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Uses

Edible uses

Notes

Tuber - raw or cooked[1][2][3][4][5]. A very strong flavour when freshly harvested, said to resemble 'Vick's VapoRub', the tubers become milder if they are allowed to dry[4]. A pleasant nutty flavour according to another report[6] whilst another says that the roots are very unpalatable raw and a little better but still not very palatable when cooked[7]. The dried roots can be ground into a powder and used as a cereal[8]. Seed. A famine food, used when all else fails[9]. It is very small and would be fiddly to use[K].

Material uses

The leaves are used in basketry and for weaving hats, matting etc[10]. The aromatic root is used for perfumery in India[11][12][13]. When dried and ground into a fine powder it is used like talcum powder[14].

Unknown part

Medicinal uses(Warning!)

Nut grass is a pungent bitter-sweet herb that relieves spasms and pain, acting mainly on the digestive system and uterus[15]. The roots and tubers are analgesic, antibacterial, antispasmodic, antitussive, aromatic, astringent, carminative, diaphoretic, diuretic, emmenagogue, litholytic, sedative, skin, stimulant, stomachic, tonic and vermifuge[16][13][17][18][19][20][15][21][22]. They are used internally in the treatment of digestive problems and menstrual complaints[15]. They are commonly combined with black pepper (Piper nigrum) in the treatment of stomachaches[5]. The roots are harvested in the summer or winter and are dried for later use[15].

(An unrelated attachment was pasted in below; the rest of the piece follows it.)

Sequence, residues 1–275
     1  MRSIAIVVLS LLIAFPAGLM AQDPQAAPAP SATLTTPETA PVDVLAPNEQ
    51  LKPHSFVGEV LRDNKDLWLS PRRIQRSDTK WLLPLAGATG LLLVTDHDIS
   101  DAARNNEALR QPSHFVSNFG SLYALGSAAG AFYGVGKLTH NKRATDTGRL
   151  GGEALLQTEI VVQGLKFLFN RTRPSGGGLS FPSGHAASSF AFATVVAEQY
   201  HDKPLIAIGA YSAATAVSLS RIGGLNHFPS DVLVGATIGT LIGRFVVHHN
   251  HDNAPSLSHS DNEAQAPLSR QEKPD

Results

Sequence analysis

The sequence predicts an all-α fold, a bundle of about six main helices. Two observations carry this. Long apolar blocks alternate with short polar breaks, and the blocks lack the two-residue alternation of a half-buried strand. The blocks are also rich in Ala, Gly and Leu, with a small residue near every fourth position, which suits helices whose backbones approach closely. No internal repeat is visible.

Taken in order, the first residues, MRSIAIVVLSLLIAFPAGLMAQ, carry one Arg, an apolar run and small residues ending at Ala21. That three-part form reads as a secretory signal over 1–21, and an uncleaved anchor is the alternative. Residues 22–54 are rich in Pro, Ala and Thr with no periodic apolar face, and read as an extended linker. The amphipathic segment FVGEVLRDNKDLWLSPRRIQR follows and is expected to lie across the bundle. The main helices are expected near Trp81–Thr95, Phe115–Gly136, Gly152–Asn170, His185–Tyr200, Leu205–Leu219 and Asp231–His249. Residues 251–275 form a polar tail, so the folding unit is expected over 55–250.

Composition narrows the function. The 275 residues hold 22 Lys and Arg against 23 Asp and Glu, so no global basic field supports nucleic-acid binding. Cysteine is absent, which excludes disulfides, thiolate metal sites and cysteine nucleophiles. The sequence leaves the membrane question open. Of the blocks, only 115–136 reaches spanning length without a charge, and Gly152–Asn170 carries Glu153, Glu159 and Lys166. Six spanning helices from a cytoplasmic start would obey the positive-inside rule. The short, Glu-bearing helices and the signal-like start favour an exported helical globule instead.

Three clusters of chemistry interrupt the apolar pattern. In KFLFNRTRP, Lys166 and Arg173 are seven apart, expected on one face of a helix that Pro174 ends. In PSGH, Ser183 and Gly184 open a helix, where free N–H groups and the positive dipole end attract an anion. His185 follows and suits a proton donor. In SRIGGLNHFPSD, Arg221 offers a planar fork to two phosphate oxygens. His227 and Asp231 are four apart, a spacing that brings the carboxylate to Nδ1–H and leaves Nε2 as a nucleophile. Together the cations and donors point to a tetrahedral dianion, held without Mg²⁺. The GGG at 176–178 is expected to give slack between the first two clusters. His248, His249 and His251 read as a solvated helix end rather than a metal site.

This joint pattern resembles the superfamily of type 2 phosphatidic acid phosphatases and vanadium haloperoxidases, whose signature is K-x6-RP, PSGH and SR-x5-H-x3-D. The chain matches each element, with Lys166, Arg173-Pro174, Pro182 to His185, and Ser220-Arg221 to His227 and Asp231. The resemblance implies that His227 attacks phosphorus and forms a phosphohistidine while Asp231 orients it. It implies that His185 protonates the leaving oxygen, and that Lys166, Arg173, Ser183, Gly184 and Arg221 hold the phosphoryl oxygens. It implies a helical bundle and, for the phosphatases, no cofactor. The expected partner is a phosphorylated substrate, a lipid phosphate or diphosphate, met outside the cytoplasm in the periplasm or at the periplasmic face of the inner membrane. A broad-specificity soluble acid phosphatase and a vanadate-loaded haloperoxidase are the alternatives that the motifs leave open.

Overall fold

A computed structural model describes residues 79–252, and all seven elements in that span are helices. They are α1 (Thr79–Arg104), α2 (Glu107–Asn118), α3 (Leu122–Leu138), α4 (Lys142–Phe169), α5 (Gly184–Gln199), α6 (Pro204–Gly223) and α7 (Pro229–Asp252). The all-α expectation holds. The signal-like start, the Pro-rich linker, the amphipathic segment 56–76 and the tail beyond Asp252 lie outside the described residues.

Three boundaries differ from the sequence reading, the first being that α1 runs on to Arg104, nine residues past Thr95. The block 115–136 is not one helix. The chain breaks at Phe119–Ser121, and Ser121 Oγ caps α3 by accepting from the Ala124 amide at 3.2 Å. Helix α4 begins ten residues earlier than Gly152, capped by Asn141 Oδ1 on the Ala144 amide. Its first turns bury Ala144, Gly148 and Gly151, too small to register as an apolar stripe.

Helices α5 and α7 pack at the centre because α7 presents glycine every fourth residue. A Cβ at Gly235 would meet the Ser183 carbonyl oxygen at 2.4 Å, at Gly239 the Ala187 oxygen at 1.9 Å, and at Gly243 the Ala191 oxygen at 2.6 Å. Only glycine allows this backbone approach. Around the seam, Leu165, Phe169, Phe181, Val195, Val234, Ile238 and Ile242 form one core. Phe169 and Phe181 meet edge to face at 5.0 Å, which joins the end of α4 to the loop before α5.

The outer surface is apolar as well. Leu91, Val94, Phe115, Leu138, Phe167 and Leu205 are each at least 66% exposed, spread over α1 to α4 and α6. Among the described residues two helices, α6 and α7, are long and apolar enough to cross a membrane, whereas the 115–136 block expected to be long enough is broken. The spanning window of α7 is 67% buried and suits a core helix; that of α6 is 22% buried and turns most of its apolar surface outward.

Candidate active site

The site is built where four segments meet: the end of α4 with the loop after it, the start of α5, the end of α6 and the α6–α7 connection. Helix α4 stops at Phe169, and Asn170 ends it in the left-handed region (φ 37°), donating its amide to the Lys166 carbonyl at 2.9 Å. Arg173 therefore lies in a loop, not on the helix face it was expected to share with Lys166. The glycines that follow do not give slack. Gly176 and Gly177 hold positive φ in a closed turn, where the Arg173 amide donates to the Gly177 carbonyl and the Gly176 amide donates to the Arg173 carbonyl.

An essential oil in the tubers has antibiotic activity and has been shown to arrest the growth of Micrococcus pyrogenes[21]. The plant is rated 8th amongst 250 potential antifertility plants in China[20].